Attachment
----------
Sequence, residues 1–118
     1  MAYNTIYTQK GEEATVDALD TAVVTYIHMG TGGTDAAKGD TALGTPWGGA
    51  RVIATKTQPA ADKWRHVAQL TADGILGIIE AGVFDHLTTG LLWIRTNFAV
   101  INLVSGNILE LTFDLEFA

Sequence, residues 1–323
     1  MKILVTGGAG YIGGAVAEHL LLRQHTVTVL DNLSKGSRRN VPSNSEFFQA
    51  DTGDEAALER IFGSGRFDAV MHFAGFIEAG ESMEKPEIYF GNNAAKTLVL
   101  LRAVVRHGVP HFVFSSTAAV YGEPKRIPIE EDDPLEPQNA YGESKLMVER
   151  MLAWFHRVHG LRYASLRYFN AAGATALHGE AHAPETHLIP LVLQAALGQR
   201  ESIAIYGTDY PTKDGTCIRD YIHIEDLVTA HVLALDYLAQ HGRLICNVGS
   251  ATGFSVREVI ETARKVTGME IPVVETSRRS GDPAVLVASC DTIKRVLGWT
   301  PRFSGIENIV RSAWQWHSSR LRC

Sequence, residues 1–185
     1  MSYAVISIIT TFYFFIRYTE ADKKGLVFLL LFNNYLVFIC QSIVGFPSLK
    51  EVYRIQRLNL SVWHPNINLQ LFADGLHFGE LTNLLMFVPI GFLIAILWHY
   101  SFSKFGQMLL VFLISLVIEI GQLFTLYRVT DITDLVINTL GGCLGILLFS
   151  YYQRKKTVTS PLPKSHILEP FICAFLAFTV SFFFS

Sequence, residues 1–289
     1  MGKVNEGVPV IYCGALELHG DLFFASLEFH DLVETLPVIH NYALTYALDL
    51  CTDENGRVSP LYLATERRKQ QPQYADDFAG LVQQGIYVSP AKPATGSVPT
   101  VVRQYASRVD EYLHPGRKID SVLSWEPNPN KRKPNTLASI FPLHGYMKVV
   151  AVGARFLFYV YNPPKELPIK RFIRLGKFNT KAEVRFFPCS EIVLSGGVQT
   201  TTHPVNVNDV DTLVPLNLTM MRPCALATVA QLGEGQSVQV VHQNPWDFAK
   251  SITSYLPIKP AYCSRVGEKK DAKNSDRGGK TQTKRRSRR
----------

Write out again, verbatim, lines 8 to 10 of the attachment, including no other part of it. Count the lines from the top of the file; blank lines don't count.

   101  LRAVVRHGVP HFVFSSTAAV YGEPKRIPIE EDDPLEPQNA YGESKLMVER
   151  MLAWFHRVHG LRYASLRYFN AAGATALHGE AHAPETHLIP LVLQAALGQR
   201  ESIAIYGTDY PTKDGTCIRD YIHIEDLVTA HVLALDYLAQ HGRLICNVGS